Thankfully however, I live in Scotland where those with these kind of extremist views are largely ignored or ridiculed. Unfortunately or indeed tragically this is not the case in the so-called land of the free where the right to own a gun is deemed to be more important than a National Health Service or the right to express your sexual orientation or gender identity in public. No doubt some people will say that for every Orlando there a dozen New York’s or San Francisco’s where the social and political climates are of a more liberal view. I counter this by saying that for every New York or San Francisco there are a dozen Alabama’s and North Carolina’s where regressive anti LGBT laws have recently been passed and this has resulted in a dramatic rise in LGBT related hate crimes of which Orlando is the most shocking example.
It does however have to be said that these kind of barbaric acts do not happen in isolation, they happen because the political establishment either cannot or will not challenge the prejudices that lead to them. Without this institutionalised challenge the attitudes which led to the Orlando Massacre will continue and maybe even flourish. This cannot and must not be allowed to continue if America wants to call itself a civilised society.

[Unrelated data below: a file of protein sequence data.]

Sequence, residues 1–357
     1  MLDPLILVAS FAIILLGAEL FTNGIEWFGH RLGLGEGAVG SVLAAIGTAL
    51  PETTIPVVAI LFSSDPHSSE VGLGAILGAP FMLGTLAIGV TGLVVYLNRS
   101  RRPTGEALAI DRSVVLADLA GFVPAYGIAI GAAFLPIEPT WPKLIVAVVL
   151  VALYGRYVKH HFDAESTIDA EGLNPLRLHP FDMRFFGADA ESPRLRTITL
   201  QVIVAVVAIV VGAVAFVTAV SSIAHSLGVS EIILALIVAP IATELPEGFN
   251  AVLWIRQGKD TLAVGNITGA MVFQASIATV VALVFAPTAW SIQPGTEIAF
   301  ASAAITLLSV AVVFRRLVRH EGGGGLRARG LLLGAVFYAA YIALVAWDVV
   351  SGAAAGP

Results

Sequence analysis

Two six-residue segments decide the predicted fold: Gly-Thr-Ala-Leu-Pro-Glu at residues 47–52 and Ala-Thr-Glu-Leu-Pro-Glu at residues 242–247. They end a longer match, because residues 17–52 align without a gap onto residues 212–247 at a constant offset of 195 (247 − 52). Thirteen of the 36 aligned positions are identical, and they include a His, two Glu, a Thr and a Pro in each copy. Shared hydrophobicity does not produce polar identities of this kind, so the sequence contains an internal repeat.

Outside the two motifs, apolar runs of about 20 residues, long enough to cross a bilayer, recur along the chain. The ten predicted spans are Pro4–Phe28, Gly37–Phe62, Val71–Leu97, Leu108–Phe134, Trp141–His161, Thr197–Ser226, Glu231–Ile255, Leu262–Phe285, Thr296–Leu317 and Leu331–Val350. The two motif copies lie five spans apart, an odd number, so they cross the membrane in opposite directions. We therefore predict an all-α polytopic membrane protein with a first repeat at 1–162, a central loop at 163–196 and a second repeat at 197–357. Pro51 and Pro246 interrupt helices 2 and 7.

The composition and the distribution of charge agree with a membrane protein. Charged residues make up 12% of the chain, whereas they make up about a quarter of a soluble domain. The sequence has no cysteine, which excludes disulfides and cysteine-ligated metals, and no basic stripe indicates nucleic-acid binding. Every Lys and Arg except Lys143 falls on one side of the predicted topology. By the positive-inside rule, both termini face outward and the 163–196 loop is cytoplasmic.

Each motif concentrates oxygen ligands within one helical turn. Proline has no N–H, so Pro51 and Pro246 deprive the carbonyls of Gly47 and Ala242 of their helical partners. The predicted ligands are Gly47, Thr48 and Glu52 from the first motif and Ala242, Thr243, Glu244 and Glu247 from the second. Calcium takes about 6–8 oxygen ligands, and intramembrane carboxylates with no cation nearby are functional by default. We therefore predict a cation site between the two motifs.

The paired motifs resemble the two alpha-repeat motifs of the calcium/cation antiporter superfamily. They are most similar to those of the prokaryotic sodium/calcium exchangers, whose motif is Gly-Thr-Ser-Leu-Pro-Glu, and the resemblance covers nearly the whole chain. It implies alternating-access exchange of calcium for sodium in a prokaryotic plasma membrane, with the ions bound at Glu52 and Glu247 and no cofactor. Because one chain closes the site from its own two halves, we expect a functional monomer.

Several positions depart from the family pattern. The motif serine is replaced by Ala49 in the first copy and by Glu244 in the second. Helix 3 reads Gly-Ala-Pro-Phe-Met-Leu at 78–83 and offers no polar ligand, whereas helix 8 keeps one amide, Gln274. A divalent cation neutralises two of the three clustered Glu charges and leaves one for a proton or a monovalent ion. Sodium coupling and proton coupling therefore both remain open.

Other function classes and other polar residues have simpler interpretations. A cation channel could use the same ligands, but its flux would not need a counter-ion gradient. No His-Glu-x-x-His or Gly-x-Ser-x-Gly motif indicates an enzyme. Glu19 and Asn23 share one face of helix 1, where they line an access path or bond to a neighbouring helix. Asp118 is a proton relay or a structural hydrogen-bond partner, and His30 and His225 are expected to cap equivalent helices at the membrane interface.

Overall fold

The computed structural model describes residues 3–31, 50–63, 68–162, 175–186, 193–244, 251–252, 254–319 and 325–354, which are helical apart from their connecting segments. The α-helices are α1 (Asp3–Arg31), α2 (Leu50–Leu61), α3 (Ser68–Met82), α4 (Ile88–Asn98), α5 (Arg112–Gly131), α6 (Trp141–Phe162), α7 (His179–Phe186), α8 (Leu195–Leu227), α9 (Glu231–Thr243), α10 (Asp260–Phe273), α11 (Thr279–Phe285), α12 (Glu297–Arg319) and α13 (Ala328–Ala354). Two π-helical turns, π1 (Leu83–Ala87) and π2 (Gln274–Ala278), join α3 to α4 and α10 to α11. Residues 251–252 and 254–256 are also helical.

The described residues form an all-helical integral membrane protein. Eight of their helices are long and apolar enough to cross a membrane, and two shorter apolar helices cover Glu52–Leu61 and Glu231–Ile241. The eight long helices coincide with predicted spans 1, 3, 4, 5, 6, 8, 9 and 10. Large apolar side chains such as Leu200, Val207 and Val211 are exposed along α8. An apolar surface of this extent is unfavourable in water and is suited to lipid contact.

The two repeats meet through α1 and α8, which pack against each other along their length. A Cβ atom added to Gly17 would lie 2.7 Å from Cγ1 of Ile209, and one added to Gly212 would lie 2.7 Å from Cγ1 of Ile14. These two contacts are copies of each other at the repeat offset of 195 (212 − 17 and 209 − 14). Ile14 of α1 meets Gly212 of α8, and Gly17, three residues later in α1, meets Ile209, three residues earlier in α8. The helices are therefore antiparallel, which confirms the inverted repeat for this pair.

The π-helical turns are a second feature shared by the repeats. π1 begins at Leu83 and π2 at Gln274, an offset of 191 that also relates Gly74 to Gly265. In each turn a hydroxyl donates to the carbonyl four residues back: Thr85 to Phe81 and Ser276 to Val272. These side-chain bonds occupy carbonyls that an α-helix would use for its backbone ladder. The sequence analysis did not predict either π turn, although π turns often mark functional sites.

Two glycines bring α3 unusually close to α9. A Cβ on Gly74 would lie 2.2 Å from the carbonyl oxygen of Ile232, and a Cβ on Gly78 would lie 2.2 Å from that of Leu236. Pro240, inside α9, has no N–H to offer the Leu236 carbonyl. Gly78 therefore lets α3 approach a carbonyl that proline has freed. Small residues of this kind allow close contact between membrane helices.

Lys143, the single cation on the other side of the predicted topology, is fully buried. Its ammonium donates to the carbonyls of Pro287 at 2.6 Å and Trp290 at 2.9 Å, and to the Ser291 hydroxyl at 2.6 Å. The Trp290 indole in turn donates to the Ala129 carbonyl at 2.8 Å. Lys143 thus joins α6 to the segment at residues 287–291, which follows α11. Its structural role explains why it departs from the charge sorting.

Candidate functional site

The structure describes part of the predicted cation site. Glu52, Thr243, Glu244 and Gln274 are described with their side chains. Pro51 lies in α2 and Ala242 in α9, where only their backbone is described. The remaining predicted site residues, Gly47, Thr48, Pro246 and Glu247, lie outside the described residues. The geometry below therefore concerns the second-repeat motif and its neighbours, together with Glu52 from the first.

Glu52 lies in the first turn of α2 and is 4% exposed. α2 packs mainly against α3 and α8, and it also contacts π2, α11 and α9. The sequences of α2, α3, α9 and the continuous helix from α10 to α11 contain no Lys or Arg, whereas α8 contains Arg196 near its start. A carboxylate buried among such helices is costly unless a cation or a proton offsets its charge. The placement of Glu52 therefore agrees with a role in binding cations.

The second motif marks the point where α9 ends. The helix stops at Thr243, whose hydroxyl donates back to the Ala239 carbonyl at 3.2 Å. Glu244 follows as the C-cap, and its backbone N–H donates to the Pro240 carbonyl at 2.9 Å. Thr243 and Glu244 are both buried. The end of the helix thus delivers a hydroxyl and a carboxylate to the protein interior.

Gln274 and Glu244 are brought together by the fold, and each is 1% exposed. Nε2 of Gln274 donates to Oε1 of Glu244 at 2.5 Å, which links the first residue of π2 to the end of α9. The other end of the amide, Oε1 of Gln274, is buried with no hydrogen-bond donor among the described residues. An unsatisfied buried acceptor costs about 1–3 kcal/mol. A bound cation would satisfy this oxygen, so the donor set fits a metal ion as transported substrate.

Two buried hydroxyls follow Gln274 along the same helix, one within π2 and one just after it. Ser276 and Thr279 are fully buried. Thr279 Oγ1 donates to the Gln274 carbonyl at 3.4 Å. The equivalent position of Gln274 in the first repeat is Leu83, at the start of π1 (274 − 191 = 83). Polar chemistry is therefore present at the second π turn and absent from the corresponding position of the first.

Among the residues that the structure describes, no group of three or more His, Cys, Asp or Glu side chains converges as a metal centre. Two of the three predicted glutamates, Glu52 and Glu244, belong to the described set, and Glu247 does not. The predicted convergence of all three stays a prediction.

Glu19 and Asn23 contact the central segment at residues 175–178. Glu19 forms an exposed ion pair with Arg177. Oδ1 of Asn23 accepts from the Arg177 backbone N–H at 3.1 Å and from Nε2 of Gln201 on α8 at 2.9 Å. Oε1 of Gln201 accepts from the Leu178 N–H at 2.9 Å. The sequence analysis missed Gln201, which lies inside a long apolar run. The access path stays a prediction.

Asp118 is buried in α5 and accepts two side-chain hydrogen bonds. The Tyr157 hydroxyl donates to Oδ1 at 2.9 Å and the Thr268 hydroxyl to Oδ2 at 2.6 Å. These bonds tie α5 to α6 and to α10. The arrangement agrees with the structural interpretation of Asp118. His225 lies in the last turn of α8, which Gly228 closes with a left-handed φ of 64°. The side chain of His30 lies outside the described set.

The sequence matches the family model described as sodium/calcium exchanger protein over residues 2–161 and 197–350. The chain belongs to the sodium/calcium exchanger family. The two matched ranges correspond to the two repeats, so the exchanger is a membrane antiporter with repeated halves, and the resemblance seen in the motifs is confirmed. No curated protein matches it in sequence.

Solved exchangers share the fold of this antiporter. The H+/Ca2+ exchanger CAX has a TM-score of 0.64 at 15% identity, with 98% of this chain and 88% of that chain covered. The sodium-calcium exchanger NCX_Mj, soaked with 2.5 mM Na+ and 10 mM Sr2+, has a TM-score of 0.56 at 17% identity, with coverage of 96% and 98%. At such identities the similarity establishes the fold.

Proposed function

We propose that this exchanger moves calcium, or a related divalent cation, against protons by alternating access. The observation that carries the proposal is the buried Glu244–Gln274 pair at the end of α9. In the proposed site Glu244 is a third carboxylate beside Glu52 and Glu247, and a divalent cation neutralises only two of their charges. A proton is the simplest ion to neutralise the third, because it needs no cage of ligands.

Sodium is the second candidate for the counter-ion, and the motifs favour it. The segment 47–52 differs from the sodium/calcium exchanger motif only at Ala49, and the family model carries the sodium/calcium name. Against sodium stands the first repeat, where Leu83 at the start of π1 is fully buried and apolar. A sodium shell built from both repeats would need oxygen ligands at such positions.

When I was a teenager growing up in the Scotland of the 1970’s I often felt constrained by my country’s socially and culturally conservative values and wished that I lived in the United States which was held up as a beacon of glamour and this wonderful land where everyone’s dreams could come true. Now as I read of these unspeakable atrocities I am glad my teenage dreams didn’t come true
Now 40 years later in my mid fifties rather than my mid teens I realise that this was all an illusion and that in many ways Scotland is a better place to live than the USA ever was or ever will be for trans woman like myself. Yes it’s true to say we have our problems but last night as I watched Glasgow stand with Orlando and see the rainbow flag fly over our city chambers I was proud to call my city home.
As a trans woman myself I know the importance of fighting for my rights, and those of others. It was great to see so many of my fellow Glaswegians standing in solidarity with the LGBT citizens of Florida.
As for the night itself, it was both emotional and dignified as we paid our respects to the fallen.